As the sun started to rise on Sunday morning, myself and Katherine were ready and waiting at Joist Fen viewpoint, in order to see how many cranes had roosted on the reserve the previous evening. There had been regular sightings of two pairs during the week, but we weren’t sure if they were heading off elsewhere at night...
The early start was definitely worth it though, as we were able to confirm that both pairs had indeed roosted on the reserve. After leaving their evening haunts, creating a bit of noise with their distinctive calls, both pairs settled on to the river bank.
First light is a great time to be out and about, watching (and listening) as the wildlife wakes up and the reserve steadily comes to life. The rooks, jackdaws and crows made a racket leaving the wood in their thousands, marsh harriers emerged from the reedbed (even managing a little bit of early morning sky dancing), a bittern flew right past us at the viewpoint and the bearded tits started calling, idyllic really!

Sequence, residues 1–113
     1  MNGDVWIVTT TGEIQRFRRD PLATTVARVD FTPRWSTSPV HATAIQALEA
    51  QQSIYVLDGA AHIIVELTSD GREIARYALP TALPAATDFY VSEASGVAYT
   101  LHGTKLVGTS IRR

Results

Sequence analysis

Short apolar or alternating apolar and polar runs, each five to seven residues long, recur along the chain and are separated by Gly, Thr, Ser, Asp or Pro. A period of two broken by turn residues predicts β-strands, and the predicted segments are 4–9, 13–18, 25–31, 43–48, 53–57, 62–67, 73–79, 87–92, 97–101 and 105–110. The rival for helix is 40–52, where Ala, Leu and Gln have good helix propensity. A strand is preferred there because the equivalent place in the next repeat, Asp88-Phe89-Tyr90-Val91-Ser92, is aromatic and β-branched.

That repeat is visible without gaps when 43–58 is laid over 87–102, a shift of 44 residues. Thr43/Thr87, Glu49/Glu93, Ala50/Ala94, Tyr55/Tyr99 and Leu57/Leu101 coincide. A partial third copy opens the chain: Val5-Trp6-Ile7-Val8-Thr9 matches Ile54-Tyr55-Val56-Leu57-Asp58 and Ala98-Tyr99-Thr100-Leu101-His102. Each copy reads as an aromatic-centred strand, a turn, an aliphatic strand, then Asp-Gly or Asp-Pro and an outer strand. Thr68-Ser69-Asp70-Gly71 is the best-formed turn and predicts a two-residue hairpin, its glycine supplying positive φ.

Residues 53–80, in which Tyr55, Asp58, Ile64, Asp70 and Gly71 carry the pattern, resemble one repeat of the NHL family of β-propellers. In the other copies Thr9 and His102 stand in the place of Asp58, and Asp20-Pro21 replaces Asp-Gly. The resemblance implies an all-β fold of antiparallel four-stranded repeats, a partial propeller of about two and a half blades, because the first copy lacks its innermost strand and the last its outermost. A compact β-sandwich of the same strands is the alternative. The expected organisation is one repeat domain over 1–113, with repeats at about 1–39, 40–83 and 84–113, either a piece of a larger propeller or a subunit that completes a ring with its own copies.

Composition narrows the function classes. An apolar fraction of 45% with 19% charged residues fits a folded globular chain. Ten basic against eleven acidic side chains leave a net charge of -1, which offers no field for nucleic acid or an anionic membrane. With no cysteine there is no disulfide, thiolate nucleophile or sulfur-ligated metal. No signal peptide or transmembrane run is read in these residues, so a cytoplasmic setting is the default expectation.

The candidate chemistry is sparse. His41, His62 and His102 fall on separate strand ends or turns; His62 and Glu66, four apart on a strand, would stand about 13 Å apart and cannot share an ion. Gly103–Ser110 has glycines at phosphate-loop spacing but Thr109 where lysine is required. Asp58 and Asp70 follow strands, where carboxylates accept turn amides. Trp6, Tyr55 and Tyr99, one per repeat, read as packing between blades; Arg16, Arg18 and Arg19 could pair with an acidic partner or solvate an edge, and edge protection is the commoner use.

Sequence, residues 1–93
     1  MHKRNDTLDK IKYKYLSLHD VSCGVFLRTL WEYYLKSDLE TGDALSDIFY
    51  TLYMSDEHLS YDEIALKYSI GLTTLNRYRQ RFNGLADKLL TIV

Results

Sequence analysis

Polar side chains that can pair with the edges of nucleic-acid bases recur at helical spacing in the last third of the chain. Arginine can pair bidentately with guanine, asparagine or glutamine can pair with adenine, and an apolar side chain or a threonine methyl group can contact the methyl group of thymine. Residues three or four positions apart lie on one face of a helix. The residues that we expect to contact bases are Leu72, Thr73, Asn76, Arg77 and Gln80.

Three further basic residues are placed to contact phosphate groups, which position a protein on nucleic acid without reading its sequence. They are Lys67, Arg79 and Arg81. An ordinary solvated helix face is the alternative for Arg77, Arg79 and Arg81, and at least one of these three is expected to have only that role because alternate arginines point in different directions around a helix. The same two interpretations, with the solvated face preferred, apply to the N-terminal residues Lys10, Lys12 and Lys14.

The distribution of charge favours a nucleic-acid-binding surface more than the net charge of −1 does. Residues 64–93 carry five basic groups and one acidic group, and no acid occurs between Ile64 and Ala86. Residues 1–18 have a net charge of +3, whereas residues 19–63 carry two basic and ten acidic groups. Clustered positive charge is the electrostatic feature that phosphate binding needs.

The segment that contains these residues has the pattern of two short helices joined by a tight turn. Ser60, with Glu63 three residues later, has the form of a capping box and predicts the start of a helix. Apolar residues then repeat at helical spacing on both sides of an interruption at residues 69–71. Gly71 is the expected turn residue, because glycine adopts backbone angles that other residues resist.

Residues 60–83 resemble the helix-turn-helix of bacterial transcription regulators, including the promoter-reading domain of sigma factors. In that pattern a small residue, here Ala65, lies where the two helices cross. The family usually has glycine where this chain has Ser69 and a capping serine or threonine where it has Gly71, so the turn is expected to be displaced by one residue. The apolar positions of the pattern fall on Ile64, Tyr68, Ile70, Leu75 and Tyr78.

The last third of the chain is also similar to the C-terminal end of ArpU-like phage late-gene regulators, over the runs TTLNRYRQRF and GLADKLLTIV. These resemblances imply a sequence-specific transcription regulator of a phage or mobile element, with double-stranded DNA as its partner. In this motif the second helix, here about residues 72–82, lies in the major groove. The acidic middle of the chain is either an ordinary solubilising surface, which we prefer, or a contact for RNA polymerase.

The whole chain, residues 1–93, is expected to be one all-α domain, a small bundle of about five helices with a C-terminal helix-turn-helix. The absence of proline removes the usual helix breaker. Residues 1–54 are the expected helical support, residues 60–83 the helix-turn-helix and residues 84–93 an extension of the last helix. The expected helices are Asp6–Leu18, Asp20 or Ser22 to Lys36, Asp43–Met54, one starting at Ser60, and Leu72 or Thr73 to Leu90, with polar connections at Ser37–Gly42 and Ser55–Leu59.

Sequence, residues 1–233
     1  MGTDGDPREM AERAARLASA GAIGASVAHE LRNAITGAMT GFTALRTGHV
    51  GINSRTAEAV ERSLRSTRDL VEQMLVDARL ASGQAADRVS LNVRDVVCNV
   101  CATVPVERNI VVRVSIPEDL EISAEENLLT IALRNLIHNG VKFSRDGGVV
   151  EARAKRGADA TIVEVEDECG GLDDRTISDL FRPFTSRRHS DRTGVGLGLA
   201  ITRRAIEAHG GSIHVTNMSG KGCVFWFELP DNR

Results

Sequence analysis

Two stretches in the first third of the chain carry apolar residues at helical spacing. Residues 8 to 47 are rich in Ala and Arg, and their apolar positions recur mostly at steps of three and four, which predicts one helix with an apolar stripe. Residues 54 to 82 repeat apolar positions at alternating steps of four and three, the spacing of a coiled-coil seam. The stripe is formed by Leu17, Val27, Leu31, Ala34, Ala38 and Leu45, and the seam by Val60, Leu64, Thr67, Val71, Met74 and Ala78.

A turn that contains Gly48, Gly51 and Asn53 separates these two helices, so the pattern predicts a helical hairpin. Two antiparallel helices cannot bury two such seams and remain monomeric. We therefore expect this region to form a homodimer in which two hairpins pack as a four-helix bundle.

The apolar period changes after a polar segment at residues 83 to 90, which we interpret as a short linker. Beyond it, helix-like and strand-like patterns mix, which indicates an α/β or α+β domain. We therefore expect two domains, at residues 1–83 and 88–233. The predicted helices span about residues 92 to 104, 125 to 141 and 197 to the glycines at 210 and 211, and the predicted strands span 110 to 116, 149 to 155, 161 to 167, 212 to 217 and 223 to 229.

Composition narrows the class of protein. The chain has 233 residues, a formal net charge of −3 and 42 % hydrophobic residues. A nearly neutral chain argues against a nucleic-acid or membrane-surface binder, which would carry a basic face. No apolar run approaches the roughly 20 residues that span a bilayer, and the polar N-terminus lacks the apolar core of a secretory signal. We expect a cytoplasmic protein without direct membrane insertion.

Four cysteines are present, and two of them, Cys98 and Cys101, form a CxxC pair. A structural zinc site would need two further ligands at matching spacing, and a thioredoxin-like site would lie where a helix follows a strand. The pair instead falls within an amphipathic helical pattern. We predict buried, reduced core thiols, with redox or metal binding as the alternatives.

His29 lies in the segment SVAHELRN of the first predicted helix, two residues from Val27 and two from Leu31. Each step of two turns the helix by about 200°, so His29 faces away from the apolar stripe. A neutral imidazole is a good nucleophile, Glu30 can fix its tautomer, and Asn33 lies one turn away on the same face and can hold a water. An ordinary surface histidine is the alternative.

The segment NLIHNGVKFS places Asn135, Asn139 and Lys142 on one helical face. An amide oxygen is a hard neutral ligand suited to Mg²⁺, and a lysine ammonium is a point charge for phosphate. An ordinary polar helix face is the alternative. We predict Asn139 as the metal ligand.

Sunday was also the monthly WeBS count (Wetland Bird Survey – organised by the BTO) and after a brief stop at the centre for a hot drink, we headed back out to continue counting.
First stop was the Washland, which at first appeared quiet, but on closer inspection had plenty to see including a great white egret, 2 little egret, 43 teal, 11 gadwall, 21 shoveler and the highlight for me, a kingfisher perched on the reeds.
From there onward we headed down the reserve and, once again, the ducks provided a challenge to count - they have a tendency to hide themselves away and then fly off whilst you’re in the middle of counting! However, we managed to get some fairly good totals including 202 mallard, 37 gadwall, 48 coot, 40 tufted duck, 21 wigeon, 28 mute swan and 126 teal.
Other highlights included 7 snipe (we’re planning a full site survey soon), a second great white egret in Botany Bay, a single woodcock, 4 grey heron and a stonechat perched nicely on a fence line.
The cranes were showing off well throughout the morning and also spending time in the areas of reedbed we have recently cut and cleared – it’s nice to know all the hard work has paid off!
They have also made some more starring appearances on the trail cameras – I’ll post another blog about this soon, but here’s a taste for now...
Finally, the recent beautiful, frosty, sunny mornings have provided some brilliant bearded tit viewing opportunities. A big thank you to Matt Walton for sharing these amazing photos. Now, where's my camera?!
(Image credits - Matt Walton)